Mire Zloh, UCL School of Pharmacy - Qepler Summits And Conferences

Mire Zloh

Honorary Professor
UCL School of Pharmacy
London, United Kingdom
UCL - London's Global University

Mire Zloh is a Honorary Professor at the UCL School of Pharmacy.

Previously, Prof. Zloh has worked as Research Professor and Head of Pharmaceutical Chemistry at the University of Hertfordshire as well as a Senior Lecturer and Director of the Centre for Structural Chemistry at the UCL School of Pharmacy.

He was awarded an MSc in Physical Chemistry by University of Belgrade and earned a PhD in Chemistry at the University of London.

Prof. Mire Zloh has authored more 110 scientific publications and reviews. His research interests include drug design, structural chemistry and rational development of dendrimers as drug delivery systems. He is currently working on the method development for computer aided design of formulations.

Related Sessions:

Pharmaceutical Lyophilization
Summit 2019

Discuss best practices in tech & regulatory updates, process, formulation, testing, monitoring and new products development.
  • 13 Feb 2019
  • Prague, CZ
  • Pharma
Day 2: Thursday, 14 February 2019
CASE STUDY: In silico modelling of freeze drying processes.

Development of protein therapeutics formulation relies on the selection of excipients that stabilize protein and/or prevent aggregation.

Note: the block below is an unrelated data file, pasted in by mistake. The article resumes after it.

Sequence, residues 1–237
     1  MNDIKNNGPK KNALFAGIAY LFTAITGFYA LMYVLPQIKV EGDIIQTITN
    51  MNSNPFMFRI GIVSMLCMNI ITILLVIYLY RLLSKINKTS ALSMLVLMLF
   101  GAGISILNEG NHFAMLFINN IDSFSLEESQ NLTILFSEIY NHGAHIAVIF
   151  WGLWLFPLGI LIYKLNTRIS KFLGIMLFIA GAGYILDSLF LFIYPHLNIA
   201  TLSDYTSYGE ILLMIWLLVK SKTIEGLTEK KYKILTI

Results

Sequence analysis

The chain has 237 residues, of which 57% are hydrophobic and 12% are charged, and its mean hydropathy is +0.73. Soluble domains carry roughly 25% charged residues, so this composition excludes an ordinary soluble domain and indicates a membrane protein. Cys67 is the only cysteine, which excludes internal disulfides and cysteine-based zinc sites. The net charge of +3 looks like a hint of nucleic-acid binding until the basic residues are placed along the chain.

Experimental strategies to optimize formulations use force degradation studies and involve screening many combinations of excipientsand buffers. However, these effective methods do not readily provide information on intermolecular interactions responsible for the protective effects of excipients.

In silico methods may be employed to evaluate interactions that may form between selected therapeutics during freeze drying pharmaceutical formulations. A combination of molecular docking methods has been successfully utilized to predict hotspots for protein excipient interfaces on a model protein, which were confirmed by molecular dynamics in presence of explicit solvent and buffer components.

Furthermore, simulated annealing simulations of freezing and drying processes provide insights into protective effects of formulations on a molecular level.

This combination of approaches could provide information about the interactions of excipients in formulations and guide the computer aided development of future formulations.

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